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For years, political theorists have argued that developing a healthy middle class is the key to any country's democratization. To paraphrase the late political scientist Samuel Huntington: Economic growth and industrialization usually lead to the creation of a middle class. As its members become wealthier and more educated, the middle class turns increasingly vocal, demanding more rights to protect its economic gains.

But over the past decade, the antidemocratic behavior of the middle class in many countries has threatened to undermine this conventional wisdom. Although many developing countries have created trappings of democracy, such as regular elections, they often failed to build strong institutions, including independent courts, impartial election monitoring, and a truly free press and civil society.

The middle class's newfound disdain for democracy is counterintuitive. After all, as political and economic freedoms increase, its members often prosper because they are allowed more freedom to do business. But, paradoxically, as democracy gets stronger and the middle class grows richer, it can realize it has more to lose than gain from a real enfranchisement of society.

Soon after acquiring democracy, urban middle classes often grasp the frustrating reality that political change costs them power. Outnumbered at the ballot box, the middle class cannot stop populists such as Thaksin or Venezuelan President Hugo Chvez. Once the middle class realizes it cannot stop the elected tyrants, it also comes to another, shattering realization: If urban elites can no longer control elections, all of their privileges -- social, economic, cultural -- could be threatened.

Recent antigovernment protests in Bolivia, for example, stem directly from a fear of loss in status. The demonstrators, led by leading businessman Branko Marinkovic, hail from the country's wealthier eastern half, where many locals disdain President Evo Morales, a populist former union leader and proud member of the poorer indigenous class. They claim he will weaken their traditional power and riches by instituting land reforms and continuing to nationalize the country's petroleum resources, which mostly come from the east. We're turning into another Zimbabwe, in which economic chaos will become the norm, Marinkovic told the New York Times two years ago -- even though Morales, despite his sometimes erratic policymaking, has overseen the strongest Bolivian growth in years.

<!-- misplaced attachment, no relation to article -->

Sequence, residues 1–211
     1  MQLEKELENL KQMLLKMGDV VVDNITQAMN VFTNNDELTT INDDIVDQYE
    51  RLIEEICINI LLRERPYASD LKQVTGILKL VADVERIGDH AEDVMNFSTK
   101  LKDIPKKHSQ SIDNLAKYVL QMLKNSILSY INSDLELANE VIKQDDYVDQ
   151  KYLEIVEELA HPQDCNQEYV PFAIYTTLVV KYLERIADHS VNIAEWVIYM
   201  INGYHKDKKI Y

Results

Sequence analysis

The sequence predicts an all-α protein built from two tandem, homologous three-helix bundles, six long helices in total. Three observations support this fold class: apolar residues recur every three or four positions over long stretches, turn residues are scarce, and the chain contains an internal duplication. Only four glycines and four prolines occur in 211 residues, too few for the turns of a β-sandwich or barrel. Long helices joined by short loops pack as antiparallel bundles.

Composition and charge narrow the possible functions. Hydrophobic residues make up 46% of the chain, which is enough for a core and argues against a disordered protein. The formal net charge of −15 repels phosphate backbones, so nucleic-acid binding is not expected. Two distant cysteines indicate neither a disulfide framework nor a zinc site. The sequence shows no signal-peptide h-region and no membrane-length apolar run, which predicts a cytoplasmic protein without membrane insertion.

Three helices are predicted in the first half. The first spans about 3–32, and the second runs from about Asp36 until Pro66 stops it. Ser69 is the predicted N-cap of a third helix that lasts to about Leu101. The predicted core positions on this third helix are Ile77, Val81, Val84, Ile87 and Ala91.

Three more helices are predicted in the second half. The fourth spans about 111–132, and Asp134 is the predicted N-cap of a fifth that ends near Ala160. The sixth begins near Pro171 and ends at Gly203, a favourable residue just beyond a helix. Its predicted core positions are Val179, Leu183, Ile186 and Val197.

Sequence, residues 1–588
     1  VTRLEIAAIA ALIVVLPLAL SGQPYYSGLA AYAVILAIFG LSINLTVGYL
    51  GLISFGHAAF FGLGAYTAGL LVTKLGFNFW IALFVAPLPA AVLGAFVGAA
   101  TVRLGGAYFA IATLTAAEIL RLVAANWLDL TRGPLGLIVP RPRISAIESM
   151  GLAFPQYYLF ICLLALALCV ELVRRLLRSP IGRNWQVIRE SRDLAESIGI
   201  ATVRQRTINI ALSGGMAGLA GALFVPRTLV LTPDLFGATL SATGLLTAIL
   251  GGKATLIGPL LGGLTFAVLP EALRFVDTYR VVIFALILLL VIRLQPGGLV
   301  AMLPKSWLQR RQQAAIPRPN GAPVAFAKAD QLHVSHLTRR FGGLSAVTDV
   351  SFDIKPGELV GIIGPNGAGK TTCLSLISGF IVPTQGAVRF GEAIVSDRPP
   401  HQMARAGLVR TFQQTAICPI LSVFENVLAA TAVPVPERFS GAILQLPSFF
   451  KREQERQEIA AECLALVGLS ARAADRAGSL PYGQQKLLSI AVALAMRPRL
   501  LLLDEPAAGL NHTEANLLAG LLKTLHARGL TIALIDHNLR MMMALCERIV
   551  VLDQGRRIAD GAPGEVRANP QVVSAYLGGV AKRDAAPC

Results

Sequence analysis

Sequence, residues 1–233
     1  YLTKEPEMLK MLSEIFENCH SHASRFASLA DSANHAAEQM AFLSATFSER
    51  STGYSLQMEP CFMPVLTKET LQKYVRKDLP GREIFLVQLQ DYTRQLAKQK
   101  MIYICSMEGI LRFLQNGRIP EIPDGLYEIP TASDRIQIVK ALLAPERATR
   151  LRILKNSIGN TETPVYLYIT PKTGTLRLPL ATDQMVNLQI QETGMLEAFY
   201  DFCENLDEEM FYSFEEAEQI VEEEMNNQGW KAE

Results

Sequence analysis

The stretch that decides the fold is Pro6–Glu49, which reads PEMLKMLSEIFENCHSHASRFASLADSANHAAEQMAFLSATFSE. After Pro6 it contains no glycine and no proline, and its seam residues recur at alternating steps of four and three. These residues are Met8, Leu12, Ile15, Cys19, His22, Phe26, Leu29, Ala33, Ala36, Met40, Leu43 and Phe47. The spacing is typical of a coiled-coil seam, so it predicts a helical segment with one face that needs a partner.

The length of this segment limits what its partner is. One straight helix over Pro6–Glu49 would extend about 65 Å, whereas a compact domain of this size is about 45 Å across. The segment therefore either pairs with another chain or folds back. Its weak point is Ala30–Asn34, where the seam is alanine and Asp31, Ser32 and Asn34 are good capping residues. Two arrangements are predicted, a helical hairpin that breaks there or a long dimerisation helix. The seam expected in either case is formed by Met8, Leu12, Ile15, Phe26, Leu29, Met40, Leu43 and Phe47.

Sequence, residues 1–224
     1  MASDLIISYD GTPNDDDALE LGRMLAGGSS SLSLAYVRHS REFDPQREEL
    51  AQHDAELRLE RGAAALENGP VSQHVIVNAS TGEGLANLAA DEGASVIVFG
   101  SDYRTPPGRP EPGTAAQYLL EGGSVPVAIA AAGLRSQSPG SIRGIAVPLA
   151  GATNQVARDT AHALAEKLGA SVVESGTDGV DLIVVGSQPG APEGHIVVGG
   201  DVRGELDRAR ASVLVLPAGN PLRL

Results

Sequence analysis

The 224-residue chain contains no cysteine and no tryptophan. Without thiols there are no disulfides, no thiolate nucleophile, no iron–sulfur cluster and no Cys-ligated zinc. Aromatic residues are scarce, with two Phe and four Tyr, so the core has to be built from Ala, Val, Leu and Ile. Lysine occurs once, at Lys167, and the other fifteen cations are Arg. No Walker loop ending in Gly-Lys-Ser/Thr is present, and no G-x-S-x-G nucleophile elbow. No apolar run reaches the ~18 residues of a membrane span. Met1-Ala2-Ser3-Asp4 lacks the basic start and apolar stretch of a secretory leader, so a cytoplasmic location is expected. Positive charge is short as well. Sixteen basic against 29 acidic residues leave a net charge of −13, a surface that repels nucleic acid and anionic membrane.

Middle-class conservatism may even be preventing some countries from making the leap toward democracy. In China, the biggest global exception to democratic change, the past three decades of economic reform have delivered most of the fruits to the urban east coast. There, per capita income in some provinces is now 10 times that of China's interior, and the country's income inequality rivals that of the most stratified Latin American societies. For its benefit, the Communist Party even plays upon middle-class status anxiety by tacitly stoking fears that full democracy, with real freedom of movement for all Chinese, would result in millions of rural peasants swamping the cities.

At first, middle-class status fears usually just lead to fighting within the political system: forming new political parties, launching anti-government newspapers or Web sites, or other traditional tactics. Malaysia is now in this stage, with opposition parties led by longtime activist Anwar Ibrahim just beginning to form into a cohesive bloc.